Schedule
10.12.2016 – Megabox Haeundae 9 – 11:00 am

Trailer

white-ant

White Ant by Chu Hsien-che – Taiwan | 2016 – 95 min.
Section | New Currents

The debut feature film by Chu Hsien-Che, who made several documentaries, White Ant is a psychological drama that tells a story about sexual fetishism. Bai Yide is a young man living alone. He works at a bookstore and derives sexual pleasure by stealing and wearing women’s underwear. One day, he receives a DVD in which his activities have been recorded and he becomes anxious. The DVD was sent by Junhong, who happened to know about Bai’s psychological trauma steming from working at Bai’s mother’s wedding dress shop. The director shows deep interest in Bai’s anxiety and the emotional change in Junhong. Junhong sends the DVD as a message of warning but, ironically, it works as a way to harass the weak at the same time. This implies the dual face of power. We are all subject to power relations in our daily lives. White Ant, therefore, has both nature of a psychological drama and a social drama. (BIFF Catalogue 2016)

Schedule
10.12.2016 – CGV Centum City 6 – 16:00 pm
10.14.2016 – Megabox Haeundae M – 13:00 pm

Trailer

white-sun

White Sun by Deepak Rauniyar – Nepal, US, Qatar, Netherlands | 2016 – 89 min.
Section | A Window on Asian Cinema

When his father dies, former anti-regime partisan Chandra must travel to his remote mountain village after nearly a decade away. Little Pooja is anxiously awaiting to see the man she thinks is her father for the first time. But she’s confused when Chandra arrives with Badri, a young street orphan rumoured to be his son. She tries to calm her mother Durga, the old man‘s caretaker, after the angry woman is excluded from preparing the body for funeral rites because tradition does not allow women to participate. Chandra‘s arrival is more awkward than he expected due to a complication with removing his father‘s body from home. He and Durga struggle with an unspoken pain that prevents any reconciliation. To make matters worse, Chandra must face his brother Suraj, who was on the opposing side during the civil war. The two brothers cannot put aside political feelings while carrying their father‘s body down the steep mountain path to the river for cremation. Suraj storms off in a rage, leaving Chandra with no other men strong enough to help. Under pressure from the village elders, Chandra must seek help from outside the village to obey the rigid caste and discriminatory gender traditions he fought to eliminate during the war. Young children Pooja and Badri tag along as Chandra searches for a solution in neighboring villages. The unlikely trio search for help among the police, guests at a local wedding, and rebel guerrillas… (BIFF Catalogue 2016)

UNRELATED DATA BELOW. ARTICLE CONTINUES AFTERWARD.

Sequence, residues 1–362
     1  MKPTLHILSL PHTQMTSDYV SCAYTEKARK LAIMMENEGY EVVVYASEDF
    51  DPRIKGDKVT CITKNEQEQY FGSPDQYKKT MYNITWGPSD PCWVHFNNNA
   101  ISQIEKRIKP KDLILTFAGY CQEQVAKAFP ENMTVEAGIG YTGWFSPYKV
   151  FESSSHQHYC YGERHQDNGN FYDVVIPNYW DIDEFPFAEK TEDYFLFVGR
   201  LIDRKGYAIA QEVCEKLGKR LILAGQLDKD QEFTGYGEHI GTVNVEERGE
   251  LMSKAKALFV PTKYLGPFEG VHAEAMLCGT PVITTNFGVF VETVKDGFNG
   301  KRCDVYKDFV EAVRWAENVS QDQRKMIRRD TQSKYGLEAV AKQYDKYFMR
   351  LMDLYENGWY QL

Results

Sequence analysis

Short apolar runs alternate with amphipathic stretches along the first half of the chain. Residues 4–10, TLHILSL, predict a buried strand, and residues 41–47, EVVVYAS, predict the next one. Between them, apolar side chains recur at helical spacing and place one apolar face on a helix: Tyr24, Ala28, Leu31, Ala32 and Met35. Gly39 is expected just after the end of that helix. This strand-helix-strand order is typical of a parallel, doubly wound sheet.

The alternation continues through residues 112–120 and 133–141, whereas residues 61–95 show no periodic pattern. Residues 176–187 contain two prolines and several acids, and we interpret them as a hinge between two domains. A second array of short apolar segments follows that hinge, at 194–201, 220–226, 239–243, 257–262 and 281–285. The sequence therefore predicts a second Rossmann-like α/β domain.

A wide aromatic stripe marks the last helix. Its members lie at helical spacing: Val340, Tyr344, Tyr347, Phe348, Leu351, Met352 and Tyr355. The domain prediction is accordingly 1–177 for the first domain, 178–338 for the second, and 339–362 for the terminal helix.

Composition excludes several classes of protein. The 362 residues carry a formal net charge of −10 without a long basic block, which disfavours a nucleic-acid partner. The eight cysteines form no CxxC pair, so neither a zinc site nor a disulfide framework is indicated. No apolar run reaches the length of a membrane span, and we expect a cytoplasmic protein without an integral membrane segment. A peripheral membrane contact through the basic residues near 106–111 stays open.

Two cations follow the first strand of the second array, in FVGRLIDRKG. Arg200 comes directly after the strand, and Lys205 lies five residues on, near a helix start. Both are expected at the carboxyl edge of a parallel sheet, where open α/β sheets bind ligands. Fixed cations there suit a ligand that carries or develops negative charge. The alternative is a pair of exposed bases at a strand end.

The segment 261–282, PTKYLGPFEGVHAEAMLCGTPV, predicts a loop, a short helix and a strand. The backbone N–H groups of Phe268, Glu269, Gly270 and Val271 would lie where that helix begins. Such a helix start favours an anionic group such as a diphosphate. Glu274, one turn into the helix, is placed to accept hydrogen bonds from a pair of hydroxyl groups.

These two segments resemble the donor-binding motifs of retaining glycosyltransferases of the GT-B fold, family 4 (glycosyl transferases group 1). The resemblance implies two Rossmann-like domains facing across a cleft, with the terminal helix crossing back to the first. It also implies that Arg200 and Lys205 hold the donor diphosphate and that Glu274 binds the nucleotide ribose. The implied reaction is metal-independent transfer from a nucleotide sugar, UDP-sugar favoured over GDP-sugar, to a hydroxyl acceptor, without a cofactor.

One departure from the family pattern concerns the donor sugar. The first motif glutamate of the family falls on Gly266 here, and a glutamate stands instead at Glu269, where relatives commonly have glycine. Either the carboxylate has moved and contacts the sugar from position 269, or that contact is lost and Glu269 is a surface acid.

Schedule
10.12.2016 – Lotte Cinema Centum City 5 – 11:00 am
10.14.2016 – Lotte Cinema Centum City 9 – 19:00 pm

your-name

Your Name by Shinkai Makoto – Japan | 2016 – 106 min.
Section | Gala Presentation

The much-anticipated new animated film from Shinkai Makoto, hailed by some as even the “Post Miyazaki Hayao”. It features an all-star line-up of filmmakers, musicians, and voice actors including character designer Tanaka Masayosi, animation director Andou Masashi, the rock band RADWIMPS, and voice performers Kamiki Ryunosuke and Kamishiraishi Mone.

Two high school kids who’ve never met, Taki, a city boy from Tokyo, and Mitsuha, who lives in the country, start inhabiting one another’s dreams, with Taki dreaming he’s Mitsuha and Mitsuha dreaming she’s Taki. This seemingly simple fantasy story about teenagers expands to an unimaginable dimension when a comet falls in the mountain village and completely reverses time and space.

Any yearning for the natural or the urban vanish, the comet sending a crushing blow to Taki and Mitsuha’s fateful encounter. It’s as if this reflects the director’s wish to restore nature to the people who either died or disappeared in the March 11 tsunami that hit Japan. In the end, as always, Shinkai Makoto’s miniature paintings draw awe-inspiring emotions.

Schedule
10.12.2016 – Sohyang Theater Centum City – 19:00 pm
10.15.2016 – Busan Cinema Center Cinema 1 – 14:00 pm

Trailer